News Article | February 15, 2017
One of NASA's two new Discovery Program missions, Lucy will perform the first reconnaissance of the Jupiter Trojan asteroids orbiting the sun in tandem with the gas giant. The Lucy spacecraft will launch in 2021 to study six of these exciting worlds. The mission is led by Principal Investigator Dr. Harold Levison of the Southwest Research Institute in Boulder, Colorado. NASA's Goddard Space Flight Center in Greenbelt, Maryland will manage the mission. The program has a development cost cap of about $450 million. "This is a thrilling mission as the Jupiter Trojan asteroids have never been studied up close," said Guy Beutelschies, director of Interplanetary Systems at Lockheed Martin Space Systems. "The design of the spacecraft draws from the flight-proven OSIRIS-REx spacecraft currently on its way to a near-Earth asteroid. This heritage of spacecraft and mission operations brings known performance, reliability and cost to the mission." Lucy will study the geology, surface composition and bulk physical properties of these bodies at close range. It's slated to arrive at its first destination, a main belt asteroid, in 2025. From 2027 to 2033, Lucy will explore six Jupiter Trojan asteroids. These asteroids are trapped by Jupiter's gravity in two swarms that share the planet's orbit, one leading and one trailing Jupiter in its 12-year circuit around the sun. The Trojans are thought to be relics of a much earlier era in the history of the solar system, and may have formed far beyond Jupiter's current orbit. "This is a unique opportunity," said Dr. Levison. "Because the Trojans are remnants of the primordial material that formed the outer planets, they hold vital clues to deciphering the history of the solar system. Lucy, like the human fossil for which it is named, will revolutionize the understanding of our origins." Lucy is the seventh NASA Discovery Program mission in which Lockheed Martin has participated. Previously, the company developed the Lunar Prospector spacecraft; developed the aeroshell entry system for Mars Pathfinder; developed and operated the spacecraft for both Stardust missions; developed and operated the Genesis spacecraft; developed and operated the two GRAIL spacecraft; and developed and will operate the InSight Mars lander set to launch in May 2018. NASA's Discovery program class missions are relatively low-cost, their development capped at a specific cost. They are managed for NASA's Planetary Science Division by the Planetary Missions Program Office at Marshall Space Flight Center in Huntsville, Alabama. The missions are designed and led by a principal investigator, who assembles a team of scientists and engineers, to address key science questions about the solar system. About Lockheed Martin Headquartered in Bethesda, Maryland, Lockheed Martin is a global security and aerospace company that employs approximately 98,000 people worldwide and is principally engaged in the research, design, development, manufacture, integration and sustainment of advanced technology systems, products and services. Please follow SpaceRef on Twitter and Like us on Facebook.
News Article | February 19, 2017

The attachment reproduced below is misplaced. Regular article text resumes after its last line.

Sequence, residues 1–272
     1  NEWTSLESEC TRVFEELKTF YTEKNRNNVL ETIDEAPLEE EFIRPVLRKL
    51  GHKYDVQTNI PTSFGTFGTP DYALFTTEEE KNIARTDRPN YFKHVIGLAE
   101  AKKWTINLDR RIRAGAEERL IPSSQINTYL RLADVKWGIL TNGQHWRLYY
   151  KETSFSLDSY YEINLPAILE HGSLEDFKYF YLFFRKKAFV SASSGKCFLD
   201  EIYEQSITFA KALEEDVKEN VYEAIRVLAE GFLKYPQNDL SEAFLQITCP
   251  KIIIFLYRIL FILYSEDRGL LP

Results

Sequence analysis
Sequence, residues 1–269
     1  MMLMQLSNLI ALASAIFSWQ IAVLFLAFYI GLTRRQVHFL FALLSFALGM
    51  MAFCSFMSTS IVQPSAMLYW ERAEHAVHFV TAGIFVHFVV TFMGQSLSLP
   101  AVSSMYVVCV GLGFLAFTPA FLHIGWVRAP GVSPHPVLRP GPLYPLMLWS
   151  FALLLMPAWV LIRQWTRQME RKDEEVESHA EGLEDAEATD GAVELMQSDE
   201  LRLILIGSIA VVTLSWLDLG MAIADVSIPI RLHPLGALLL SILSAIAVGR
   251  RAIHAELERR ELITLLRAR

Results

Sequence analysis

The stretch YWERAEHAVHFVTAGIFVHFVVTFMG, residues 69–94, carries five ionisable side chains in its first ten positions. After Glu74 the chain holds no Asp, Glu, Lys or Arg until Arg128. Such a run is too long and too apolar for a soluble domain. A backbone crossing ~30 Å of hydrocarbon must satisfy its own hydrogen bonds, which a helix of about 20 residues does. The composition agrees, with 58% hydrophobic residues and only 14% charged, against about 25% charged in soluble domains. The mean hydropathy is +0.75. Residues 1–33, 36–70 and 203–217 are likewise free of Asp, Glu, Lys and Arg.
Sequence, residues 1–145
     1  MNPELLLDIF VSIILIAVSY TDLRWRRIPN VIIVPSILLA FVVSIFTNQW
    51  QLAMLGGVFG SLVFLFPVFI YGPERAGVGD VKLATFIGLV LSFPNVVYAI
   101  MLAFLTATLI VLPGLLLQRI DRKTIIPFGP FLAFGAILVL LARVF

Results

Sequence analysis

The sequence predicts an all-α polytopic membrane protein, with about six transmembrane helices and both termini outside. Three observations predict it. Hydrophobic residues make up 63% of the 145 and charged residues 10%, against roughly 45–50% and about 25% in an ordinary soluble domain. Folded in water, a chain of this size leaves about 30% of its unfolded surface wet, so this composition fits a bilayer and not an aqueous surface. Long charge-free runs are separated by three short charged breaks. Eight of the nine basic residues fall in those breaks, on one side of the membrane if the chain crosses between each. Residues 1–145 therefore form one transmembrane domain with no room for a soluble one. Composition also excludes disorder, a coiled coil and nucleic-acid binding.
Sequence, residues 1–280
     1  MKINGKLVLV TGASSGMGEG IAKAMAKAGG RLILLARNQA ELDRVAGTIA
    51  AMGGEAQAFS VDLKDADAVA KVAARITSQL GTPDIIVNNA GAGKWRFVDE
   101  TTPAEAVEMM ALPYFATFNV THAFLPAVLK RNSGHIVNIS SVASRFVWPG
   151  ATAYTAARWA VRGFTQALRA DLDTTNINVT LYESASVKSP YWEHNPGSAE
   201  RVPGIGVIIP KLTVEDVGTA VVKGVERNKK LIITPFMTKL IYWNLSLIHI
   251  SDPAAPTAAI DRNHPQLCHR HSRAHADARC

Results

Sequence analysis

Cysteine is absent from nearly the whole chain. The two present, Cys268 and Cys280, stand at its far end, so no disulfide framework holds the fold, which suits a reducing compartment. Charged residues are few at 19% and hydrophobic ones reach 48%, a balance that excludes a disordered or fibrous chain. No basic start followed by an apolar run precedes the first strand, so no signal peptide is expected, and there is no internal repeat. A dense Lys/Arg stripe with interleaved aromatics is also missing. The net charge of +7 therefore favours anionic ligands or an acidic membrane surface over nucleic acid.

"Juno is healthy, its science instruments are fully operational, and the data and images we've received are nothing short of amazing," said Thomas Zurbuchen, associate administrator for NASA's Science Mission Directorate in Washington. "The decision to forego the burn is the right thing to do—preserving a valuable asset so that Juno can continue its exciting journey of discovery." Juno has successfully orbited Jupiter four times since arriving at the giant planet, with the most recent orbit completed on Feb. 2. Its next close flyby of Jupiter will be March 27. The orbital period does not affect the quality of the science collected by Juno on each flyby, since the altitude over Jupiter will be the same at the time of closest approach. In fact, the longer orbit provides new opportunities that allow further exploration of the far reaches of space dominated by Jupiter's magnetic field, increasing the value of Juno's research. During each orbit, Juno soars low over Jupiter's cloud tops—as close as about 2,600 miles (4,100 kilometers). During these flybys, Juno probes beneath the obscuring cloud cover and studies Jupiter's auroras to learn more about the planet's origins, structure, atmosphere and magnetosphere. The original Juno flight plan envisioned the spacecraft looping around Jupiter twice in 53-day orbits, then reducing its orbital period to 14 days for the remainder of the mission. However, two helium check valves that are part of the plumbing for the spacecraft's main engine did not operate as expected when the propulsion system was pressurized in October. Telemetry from the spacecraft indicated that it took several minutes for the valves to open, while it took only a few seconds during past main engine firings. "During a thorough review, we looked at multiple scenarios that would place Juno in a shorter-period orbit, but there was concern that another main engine burn could result in a less-than-desirable orbit," said Rick Nybakken, Juno project manager at NASA's Jet Propulsion Laboratory in Pasadena, California. "The bottom line is a burn represented a risk to completion of Juno's science objectives." Juno's larger 53-day orbit allows for "bonus science" that wasn't part of the original mission design. Juno will further explore the far reaches of the Jovian magnetosphere—the region of space dominated by Jupiter's magnetic field—including the far magnetotail, the southern magnetosphere, and the magnetospheric boundary region called the magnetopause. Understanding magnetospheres and how they interact with the solar wind are key science goals of NASA's Heliophysics Science Division. "Another key advantage of the longer orbit is that Juno will spend less time within the strong radiation belts on each orbit," said Scott Bolton, Juno principal investigator from Southwest Research Institute in San Antonio. "This is significant because radiation has been the main life-limiting factor for Juno." Juno will continue to operate within the current budget plan through July 2018, for a total of 12 science orbits. The team can then propose to extend the mission during the next science review cycle. The review process evaluates proposed mission extensions on the merit and value of previous and anticipated science returns. The Juno science team continues to analyze returns from previous flybys. Revelations include that Jupiter's magnetic fields and aurora are bigger and more powerful than originally thought and that the belts and zones that give the gas giant's cloud top its distinctive look extend deep into the planet's interior. Peer-reviewed papers with more in-depth science results from Juno's first three flybys are expected to be published within the next few months. In addition, the mission's JunoCam—the first interplanetary outreach camera—is now being guided with assistance from the public. People can participate by voting on which features on Jupiter should be imaged during each flyby. "Juno is providing spectacular results, and we are rewriting our ideas of how giant planets work," said Bolton. "The science will be just as spectacular as with our original plan." Explore further: NASA's Juno spacecraft to make its fourth flyby over Jupiter